MOSCOW — From their faraway homes in the American West, the two couples made repeated missions of love to Moscow, each seeking to adopt children with Down syndrome.
Now, with court approval at last in hand, a political squabble with a trace of Cold War friction has derailed those plans, leaving them in anxious limbo.
Brian Preece had been hoping his life as an adoptive father would have started by now, perhaps with a special treat for his 4 1/2-year-old boy.
I was planning on going swimming with my son, he said. But instead of splashing around in a pool in Nampa, Idaho, Preece and his wife, Rebecca, sat in a Moscow hotel lobby this week, at loose ends after officials refused to turn over the boy even though a court approved the adoption last year.
With them was Jeana Bonner of South Jordan, Utah, on her fourth trip to Russia as part of intensive efforts by her and her husband, Wayne, to adopt a 5-year-old girl.
There is no process set up, there is no information specific to our case, said Bonner, who left her husband behind in Utah to care for their two biological daughters, including one with Down syndrome.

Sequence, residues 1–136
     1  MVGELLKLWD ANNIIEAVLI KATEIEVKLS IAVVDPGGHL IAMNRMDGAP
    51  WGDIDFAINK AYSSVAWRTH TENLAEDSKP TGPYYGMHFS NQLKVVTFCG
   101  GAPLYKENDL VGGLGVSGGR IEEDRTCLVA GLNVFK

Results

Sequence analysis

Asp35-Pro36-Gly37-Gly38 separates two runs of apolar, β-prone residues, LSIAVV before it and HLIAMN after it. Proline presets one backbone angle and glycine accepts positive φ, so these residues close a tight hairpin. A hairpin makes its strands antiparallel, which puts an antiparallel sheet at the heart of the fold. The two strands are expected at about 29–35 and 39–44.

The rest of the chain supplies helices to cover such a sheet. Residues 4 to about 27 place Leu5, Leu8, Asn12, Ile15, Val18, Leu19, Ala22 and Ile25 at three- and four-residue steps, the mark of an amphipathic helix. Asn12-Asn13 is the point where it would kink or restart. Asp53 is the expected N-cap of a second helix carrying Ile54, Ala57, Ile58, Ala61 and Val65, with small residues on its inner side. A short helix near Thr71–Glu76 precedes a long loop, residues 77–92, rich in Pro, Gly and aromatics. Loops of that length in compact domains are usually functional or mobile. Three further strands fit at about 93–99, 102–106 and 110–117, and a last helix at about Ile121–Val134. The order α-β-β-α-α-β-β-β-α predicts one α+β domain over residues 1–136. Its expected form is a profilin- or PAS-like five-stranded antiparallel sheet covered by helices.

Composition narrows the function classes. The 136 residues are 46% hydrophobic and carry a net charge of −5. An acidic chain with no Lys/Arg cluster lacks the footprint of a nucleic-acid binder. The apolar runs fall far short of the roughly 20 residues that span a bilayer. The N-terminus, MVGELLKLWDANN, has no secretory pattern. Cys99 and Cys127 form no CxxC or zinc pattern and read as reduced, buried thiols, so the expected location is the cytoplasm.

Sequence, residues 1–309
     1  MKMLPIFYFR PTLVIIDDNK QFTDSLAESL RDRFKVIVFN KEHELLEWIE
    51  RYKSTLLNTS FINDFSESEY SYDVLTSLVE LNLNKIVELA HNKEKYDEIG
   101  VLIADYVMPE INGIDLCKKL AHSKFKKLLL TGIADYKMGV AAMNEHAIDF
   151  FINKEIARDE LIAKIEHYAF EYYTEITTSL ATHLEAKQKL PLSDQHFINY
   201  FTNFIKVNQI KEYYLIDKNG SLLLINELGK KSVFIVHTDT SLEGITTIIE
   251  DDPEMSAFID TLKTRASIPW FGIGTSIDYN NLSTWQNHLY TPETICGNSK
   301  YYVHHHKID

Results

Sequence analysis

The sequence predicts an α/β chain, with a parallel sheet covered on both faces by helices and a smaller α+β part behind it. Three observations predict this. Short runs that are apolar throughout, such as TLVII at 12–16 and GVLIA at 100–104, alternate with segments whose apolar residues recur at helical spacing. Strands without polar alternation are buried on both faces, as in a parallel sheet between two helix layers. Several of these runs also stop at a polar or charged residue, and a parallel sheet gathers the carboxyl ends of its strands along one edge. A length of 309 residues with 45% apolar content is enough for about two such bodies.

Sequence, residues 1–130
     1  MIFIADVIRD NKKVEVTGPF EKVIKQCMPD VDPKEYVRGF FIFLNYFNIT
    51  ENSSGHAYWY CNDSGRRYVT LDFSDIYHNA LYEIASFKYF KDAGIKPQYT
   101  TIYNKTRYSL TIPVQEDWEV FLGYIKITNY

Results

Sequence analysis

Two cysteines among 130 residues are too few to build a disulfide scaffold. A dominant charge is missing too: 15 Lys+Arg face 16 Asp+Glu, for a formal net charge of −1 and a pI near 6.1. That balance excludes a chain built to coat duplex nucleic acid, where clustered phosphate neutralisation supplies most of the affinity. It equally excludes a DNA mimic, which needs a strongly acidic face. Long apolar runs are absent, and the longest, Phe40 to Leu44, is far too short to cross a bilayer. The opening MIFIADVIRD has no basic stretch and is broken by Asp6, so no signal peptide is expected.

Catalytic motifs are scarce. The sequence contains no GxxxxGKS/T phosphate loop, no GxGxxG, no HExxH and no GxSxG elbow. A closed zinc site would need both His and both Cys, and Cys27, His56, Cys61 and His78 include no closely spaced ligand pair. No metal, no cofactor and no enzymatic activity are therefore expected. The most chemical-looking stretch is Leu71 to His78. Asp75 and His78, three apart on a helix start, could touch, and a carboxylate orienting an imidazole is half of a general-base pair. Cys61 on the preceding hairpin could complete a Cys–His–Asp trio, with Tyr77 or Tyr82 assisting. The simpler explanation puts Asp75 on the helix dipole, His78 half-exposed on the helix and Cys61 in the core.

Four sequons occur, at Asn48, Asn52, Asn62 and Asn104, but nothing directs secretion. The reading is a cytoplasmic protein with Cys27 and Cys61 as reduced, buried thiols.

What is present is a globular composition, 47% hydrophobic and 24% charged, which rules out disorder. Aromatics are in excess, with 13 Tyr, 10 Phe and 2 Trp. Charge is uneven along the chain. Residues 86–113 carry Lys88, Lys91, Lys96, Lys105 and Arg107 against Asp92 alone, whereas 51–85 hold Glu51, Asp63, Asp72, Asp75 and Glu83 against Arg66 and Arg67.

The Bonners and Preeces have run into a legal cul-de-sac. After their adoptions received court approval, they expected to wait nervously through a 30-day period in which the ruling can be challenged, then get the decree allowing them to take custody of the children, obtain needed documents and take them home.
But during those 30 days, Russia enacted a law banning adoptions by Americans. The ban was rushed through parliament and sped to President Vladimir Putin's desk in less than 10 days in a surge of retaliatory anger over a new U.S. law calling for sanctions on Russians identified as human-rights violators.
Many U.S. families listened in on a State Department conference call last week, and have been seeking assistance from their congressional representatives. But definitive answers are elusive.